19 Jan
2015
Posted in: travel
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Take a Trip: Brown v. Board of Education

Brown v. Board of Education National Historic Site

I knew when we walked in the door and were greeted by two signs: white and colored, this historical site wouldn’t be like any we’d taken our children to before. We were on our way home from vacation in Illinois in July and stopped in Topeka, Kansas at the Brown v. Board of Education National Historic Site. We try not to shy away from tough conversations with our kids, but our conversation about segregation while at that place is one of the toughest topics I’ve ever covered with my children.

Quote about segregation at Brown v. Board of Education National Historic Site

Historic sites are nothing new to our kids. We try to visit as many National Park Service sites as possible when we travel. We prep the kids about what they’re likely to hear and see. We discussed the phrase “separate, but equal,” and its part in the history of our public education system. I thought we were prepared. I was wrong.

Boy watching video at Brown v. Board of Education National Historic Site

Brown v. Board of Education National Historic Site is powerful. The number of exhibits is small compared to other sites, but they are mighty. The large black and white photos and videos of people declaring their rights loomed over us. We would read a placard. The kids would ask a question. We would answer. They would say, “But why?” This scenario repeated over and over. They think about the people they know and friends they share their days with, and cannot fathom a time like what they were watching as they walked the halls of that old brick building.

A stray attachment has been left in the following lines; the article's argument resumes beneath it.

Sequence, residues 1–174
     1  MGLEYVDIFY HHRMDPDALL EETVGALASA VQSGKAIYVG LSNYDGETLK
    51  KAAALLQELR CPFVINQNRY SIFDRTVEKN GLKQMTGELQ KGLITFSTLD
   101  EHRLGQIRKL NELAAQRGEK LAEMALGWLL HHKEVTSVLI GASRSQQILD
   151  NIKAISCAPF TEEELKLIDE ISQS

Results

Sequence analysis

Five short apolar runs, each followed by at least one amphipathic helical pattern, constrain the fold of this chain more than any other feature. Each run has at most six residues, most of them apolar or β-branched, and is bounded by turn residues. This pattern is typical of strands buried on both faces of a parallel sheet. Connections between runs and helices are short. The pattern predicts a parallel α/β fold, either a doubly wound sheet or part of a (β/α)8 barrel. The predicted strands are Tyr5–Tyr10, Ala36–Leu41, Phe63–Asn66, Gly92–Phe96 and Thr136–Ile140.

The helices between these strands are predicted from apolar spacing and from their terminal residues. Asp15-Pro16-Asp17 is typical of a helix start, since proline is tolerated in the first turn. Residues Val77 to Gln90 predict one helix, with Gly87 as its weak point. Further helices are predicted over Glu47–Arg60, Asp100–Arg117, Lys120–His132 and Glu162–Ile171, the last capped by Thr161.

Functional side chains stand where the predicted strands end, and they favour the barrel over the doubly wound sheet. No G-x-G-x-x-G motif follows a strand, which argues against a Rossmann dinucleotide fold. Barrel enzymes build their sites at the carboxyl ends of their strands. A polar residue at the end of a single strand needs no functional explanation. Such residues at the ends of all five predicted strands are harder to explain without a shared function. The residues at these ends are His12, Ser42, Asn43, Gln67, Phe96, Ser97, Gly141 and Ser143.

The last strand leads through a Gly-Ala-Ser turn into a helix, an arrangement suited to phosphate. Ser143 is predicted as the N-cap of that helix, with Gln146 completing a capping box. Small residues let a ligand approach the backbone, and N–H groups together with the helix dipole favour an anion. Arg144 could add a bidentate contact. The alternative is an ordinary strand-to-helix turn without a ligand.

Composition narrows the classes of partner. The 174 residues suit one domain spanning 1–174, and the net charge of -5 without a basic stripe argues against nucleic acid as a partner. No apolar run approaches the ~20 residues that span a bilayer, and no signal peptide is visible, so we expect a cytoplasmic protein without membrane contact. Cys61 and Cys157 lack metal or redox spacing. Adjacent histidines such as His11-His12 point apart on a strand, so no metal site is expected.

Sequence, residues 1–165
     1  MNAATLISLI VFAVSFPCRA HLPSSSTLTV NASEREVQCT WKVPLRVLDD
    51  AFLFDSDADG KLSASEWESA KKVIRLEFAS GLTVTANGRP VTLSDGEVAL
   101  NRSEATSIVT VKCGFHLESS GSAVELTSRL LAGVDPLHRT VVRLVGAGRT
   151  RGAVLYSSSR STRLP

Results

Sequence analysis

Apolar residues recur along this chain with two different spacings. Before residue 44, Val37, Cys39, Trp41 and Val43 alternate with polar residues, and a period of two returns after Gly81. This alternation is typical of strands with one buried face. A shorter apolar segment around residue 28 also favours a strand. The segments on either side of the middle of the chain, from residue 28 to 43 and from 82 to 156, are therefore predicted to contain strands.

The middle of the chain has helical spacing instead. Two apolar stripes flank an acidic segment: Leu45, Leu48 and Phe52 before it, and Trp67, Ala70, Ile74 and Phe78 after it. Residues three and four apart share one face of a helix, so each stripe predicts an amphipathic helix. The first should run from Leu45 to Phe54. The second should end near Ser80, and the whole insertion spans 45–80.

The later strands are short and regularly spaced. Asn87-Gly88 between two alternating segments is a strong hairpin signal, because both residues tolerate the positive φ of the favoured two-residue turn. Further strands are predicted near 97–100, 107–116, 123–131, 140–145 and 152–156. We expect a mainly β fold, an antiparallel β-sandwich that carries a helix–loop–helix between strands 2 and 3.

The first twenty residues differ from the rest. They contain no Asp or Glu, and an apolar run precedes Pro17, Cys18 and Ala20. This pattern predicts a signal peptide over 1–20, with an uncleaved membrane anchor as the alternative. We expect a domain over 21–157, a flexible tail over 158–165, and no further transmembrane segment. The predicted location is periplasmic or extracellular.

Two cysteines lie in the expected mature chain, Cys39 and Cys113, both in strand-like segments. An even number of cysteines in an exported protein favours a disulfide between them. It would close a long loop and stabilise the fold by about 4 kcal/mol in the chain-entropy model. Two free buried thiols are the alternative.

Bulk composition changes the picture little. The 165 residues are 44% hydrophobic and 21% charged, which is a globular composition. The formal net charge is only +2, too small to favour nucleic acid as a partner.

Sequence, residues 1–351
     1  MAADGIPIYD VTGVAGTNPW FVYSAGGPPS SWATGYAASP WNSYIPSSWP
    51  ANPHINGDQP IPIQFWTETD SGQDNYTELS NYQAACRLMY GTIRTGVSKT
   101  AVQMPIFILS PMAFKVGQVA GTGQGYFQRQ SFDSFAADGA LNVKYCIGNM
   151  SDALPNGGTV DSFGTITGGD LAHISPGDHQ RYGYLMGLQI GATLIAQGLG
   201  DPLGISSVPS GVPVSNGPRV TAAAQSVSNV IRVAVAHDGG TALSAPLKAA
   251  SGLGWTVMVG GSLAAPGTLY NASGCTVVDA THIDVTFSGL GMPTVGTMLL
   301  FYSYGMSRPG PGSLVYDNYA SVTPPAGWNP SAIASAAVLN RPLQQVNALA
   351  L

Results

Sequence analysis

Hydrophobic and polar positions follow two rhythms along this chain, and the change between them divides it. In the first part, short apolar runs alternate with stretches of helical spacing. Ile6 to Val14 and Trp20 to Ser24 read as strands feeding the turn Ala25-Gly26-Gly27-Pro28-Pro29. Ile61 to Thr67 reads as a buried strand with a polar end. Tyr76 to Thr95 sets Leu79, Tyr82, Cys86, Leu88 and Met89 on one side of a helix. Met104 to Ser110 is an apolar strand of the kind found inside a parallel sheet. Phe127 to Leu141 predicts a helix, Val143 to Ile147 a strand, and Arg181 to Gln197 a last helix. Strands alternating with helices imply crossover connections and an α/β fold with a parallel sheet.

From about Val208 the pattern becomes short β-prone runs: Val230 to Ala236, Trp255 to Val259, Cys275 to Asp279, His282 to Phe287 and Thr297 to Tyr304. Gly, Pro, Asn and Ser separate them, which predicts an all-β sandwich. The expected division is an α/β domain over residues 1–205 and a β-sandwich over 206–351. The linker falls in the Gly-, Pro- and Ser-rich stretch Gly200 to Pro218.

Large, historic desegregation photo at Brown v. Board of Education National Historic Site

We stopped in what was once a kindergarten room in that historic school and watched our children play side-by-side with children that didn’t share the same color of skin. The other mom and I looked at each other with tears in our eyes. There are times I wish my heart was tougher than it is. Then there are times like that moment when I’m grateful for my soft heart and feelings that just won’t be held back. The tears still come each time I think about those shared peaceful minutes in that place watching children play in the sand.

That moment and countless more I never give a passing thought to, were fought hard and long for. I continue to be grateful for those people who give all that they have, sometimes even their life, for the greater good of their nation and world. Today our thoughts surrounded Dr. Martin Luther King, Jr. Thank you for being brave enough to stand and speak. My two favorite quotes from Dr. King follow:

I have decided to stick with love. Hate is too great a burden to bear.”

Injustice anywhere is a threat to justice everywhere.”


 

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